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7th February 2023

Earth-sized exoplanet found in habitable zone

German astronomers have discovered an Earth-sized exoplanet in the habitable zone of Wolf 1069, a red dwarf star located 31 light years away.

The new planet, designated Wolf 1069 b, is believed to be tidally locked, which means that one side is constantly facing its parent star, while the other is permanently in darkness. As illustrated in the computer rendering below, this is likely to create two distinct climates on the surface, with warmer conditions on the bright side and perpetual winters on the night side.

Despite these contrasts, the research team believes it could provide durable habitable conditions across a wide area of its dayside. The absence of any obvious stellar activity or intense UV radiation increases the chances that Wolf 1069 b could have retained much of its atmosphere. The planet is therefore a promising target to search for biosignatures.


earth mass exoplanet habitable zone


The CARMENES survey, which began in 2016, is an ongoing project to study around 300 M-class dwarf stars for signs of exoplanets. As part of this, a team from the Max Planck Institute for Astronomy (MPIA) in Heidelberg, Germany, used the 3.5m Calar Alto Observatory in Spain, the largest telescope in mainland Europe.

"When we analysed the data of the star Wolf 1069, we discovered a clear, low-amplitude signal of what appears to be a planet of roughly Earth mass," explained MPIA's Diana Kossakowski. "It orbits the star within 15.6 days at a distance equivalent to 1/15th of the separation between Earth and the Sun."

Despite its close range, the planet only receives about 65% of the incident radiant power of what Earth gets from our Sun. The star Wolf 1069 emits much less radiation than our Sun, and its surface is cooler, making it appear orange. These properties result in reduced heating power.

"As a result, the so-called habitable zone is shifted inwards," added Kossakowski. Therefore, planets around red dwarf stars such as Wolf 1069 can be habitable even though they are much closer than the Earth is to the Sun.


earth-like planet wolf 1069b


The CARMENES instrument on the Calar Alto Observatory uses two separate spectrographs, for both visible and near-infrared wavelengths. It detected the new exoplanet using the radial velocity method, which senses tiny "wobbles" in a star's orbit caused by a planet's gravity. These signals are so faint that they require complex and sophisticated techniques to distinguish them from background noise. The team at MPIA described their work in a paper that appeared recently in the peer-reviewed journal Astronomy & Astrophysics.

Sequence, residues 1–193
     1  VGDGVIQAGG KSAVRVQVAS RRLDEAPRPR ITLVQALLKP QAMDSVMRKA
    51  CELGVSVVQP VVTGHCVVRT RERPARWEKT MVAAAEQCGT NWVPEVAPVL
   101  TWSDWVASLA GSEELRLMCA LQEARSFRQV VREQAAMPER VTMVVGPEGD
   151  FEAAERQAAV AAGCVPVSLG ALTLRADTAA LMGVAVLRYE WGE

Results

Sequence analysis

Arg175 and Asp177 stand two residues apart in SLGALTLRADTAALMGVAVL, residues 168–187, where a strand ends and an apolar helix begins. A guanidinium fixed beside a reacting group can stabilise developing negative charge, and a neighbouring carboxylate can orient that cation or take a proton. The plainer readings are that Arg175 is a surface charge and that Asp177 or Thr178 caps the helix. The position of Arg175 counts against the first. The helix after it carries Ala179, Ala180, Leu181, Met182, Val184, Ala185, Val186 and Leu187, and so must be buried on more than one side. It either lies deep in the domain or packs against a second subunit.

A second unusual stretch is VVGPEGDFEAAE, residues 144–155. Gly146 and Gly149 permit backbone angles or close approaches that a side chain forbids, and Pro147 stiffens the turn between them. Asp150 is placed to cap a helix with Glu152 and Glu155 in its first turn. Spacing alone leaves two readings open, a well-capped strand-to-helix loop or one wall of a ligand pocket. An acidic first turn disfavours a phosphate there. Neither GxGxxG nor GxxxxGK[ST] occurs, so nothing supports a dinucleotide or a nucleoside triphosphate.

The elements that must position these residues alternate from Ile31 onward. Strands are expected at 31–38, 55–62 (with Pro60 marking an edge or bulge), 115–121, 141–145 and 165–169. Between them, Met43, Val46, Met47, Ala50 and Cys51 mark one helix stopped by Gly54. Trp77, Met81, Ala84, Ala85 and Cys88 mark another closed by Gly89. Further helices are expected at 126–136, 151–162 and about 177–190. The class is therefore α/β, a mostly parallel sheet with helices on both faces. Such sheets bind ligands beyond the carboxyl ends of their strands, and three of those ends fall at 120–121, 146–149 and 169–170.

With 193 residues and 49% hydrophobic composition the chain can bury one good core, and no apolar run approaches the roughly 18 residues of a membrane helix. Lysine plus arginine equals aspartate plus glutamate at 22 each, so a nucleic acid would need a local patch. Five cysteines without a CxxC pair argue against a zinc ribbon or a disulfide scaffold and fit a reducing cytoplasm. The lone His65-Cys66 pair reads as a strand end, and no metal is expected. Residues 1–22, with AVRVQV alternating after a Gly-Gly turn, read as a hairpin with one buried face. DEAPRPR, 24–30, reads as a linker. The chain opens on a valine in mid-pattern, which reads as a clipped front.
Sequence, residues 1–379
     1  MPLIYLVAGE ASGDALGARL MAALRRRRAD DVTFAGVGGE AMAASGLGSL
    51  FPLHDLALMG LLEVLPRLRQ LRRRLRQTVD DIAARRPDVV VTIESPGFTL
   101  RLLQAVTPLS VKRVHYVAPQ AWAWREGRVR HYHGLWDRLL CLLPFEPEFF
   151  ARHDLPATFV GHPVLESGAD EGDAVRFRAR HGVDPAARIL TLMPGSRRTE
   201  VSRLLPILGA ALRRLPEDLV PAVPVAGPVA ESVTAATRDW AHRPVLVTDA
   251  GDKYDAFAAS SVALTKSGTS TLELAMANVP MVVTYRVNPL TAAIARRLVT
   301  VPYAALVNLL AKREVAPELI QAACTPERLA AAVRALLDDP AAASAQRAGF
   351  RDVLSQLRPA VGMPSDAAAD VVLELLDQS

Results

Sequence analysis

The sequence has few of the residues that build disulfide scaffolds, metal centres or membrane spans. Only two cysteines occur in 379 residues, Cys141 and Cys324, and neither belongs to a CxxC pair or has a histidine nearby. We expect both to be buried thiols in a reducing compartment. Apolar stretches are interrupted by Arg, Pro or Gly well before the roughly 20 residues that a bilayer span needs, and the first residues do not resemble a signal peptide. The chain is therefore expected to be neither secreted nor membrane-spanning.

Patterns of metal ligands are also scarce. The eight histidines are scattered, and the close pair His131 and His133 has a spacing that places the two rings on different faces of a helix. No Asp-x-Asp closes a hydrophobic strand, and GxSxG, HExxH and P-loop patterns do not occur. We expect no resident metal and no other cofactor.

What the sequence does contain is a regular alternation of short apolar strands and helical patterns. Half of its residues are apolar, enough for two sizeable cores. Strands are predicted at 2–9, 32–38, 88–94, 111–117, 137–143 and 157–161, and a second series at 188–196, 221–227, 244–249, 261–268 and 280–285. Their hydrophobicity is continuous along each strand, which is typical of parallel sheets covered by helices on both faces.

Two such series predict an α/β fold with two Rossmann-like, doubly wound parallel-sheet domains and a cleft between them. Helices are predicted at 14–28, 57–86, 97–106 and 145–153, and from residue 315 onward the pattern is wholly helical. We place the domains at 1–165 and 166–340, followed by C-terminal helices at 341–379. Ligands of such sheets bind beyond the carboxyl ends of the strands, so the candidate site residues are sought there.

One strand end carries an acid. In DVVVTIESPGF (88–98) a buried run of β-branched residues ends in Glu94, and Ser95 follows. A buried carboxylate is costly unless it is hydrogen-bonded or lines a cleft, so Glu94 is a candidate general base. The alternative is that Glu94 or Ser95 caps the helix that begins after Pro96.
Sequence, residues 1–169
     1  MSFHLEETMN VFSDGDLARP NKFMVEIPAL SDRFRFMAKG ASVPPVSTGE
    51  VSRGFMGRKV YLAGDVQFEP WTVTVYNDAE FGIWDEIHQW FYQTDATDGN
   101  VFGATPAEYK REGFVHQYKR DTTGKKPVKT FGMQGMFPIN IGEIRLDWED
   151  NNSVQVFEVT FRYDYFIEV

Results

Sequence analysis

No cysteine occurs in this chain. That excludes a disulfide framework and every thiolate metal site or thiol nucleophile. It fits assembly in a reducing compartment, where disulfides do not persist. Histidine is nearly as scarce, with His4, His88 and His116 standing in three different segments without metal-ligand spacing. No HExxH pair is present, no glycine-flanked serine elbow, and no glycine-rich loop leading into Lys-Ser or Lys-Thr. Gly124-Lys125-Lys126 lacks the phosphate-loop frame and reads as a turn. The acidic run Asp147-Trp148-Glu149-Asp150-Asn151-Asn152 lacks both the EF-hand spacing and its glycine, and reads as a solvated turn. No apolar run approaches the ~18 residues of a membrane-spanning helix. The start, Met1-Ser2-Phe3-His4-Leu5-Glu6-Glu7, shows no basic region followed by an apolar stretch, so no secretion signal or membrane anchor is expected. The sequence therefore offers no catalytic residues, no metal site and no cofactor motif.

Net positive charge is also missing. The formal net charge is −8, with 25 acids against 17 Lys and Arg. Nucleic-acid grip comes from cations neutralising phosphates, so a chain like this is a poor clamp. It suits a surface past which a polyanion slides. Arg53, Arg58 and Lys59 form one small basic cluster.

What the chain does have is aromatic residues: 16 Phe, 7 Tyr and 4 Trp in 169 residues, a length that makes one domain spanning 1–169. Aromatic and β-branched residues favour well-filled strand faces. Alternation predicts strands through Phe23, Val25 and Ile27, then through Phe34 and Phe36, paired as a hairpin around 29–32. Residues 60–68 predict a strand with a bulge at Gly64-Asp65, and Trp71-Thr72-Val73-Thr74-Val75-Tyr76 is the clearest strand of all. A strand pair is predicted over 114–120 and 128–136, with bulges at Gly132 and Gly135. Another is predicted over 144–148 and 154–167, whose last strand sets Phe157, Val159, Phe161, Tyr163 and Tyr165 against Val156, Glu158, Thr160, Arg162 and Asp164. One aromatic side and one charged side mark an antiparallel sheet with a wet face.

Although its size (1.08 Earth radii) and mass (1.26 Earths) are known, the atmospheric composition of Wolf 1069 b is currently unconfirmed. If the planet is an airless rocky world, the astronomers calculate its average surface temperature would be only 250 Kelvin (- 23 °C; - 10 °F). As shown in the diagram below, however, an Earth-like atmosphere with equivalent greenhouse effect would mean its average temperature could be as high as 286 Kelvin (+ 13 °C; 55 °F), keeping water in a liquid state over a large portion of the planet's dayside (indicated within the red line).

Based on their computer simulations, the team concludes that the planet could likely maintain moderate temperatures and surface liquid water for a wide range of atmospheric conditions and surface types.


earth-like planet wolf 1069 b water temperature


An atmosphere would also protect against high-energy electromagnetic radiation and particles from either interstellar space or the central star. Red dwarfs are notorious for their high levels of activity, often producing massive stellar winds and intense UV radiation. Similar to what the Sun did to Mars, they may strip off a planet's atmosphere, which renders their surfaces sterile. The good news is that Wolf 1069 appears benign, based on early studies.

Because of its favourable prospects regarding habitability, Wolf 1069 b joins a small group of worlds that are prime targets to search for biosignatures. However, such observations are currently beyond the capabilities of astronomical research. The next generation of telescopes should be powerful enough to definitively confirm biosignatures on planets like Wolf 1069 b.

"We'll probably have to wait another ten years for this," said Kossakowski. "Though it's crucial we develop our facilities considering most of the closest potentially habitable worlds are detected via the radial velocity method only."

Wolf 1069 b is the latest in a string of recent exoplanets to be found with sizes and masses similar to Earth. Last month, the James Webb Space Telescope discovered LHS 475 b (the spacecraft's first confirmed exoplanet), while a team in Spain found two potentially Earth-like planets, GJ 1002 b and GJ 1002 c.


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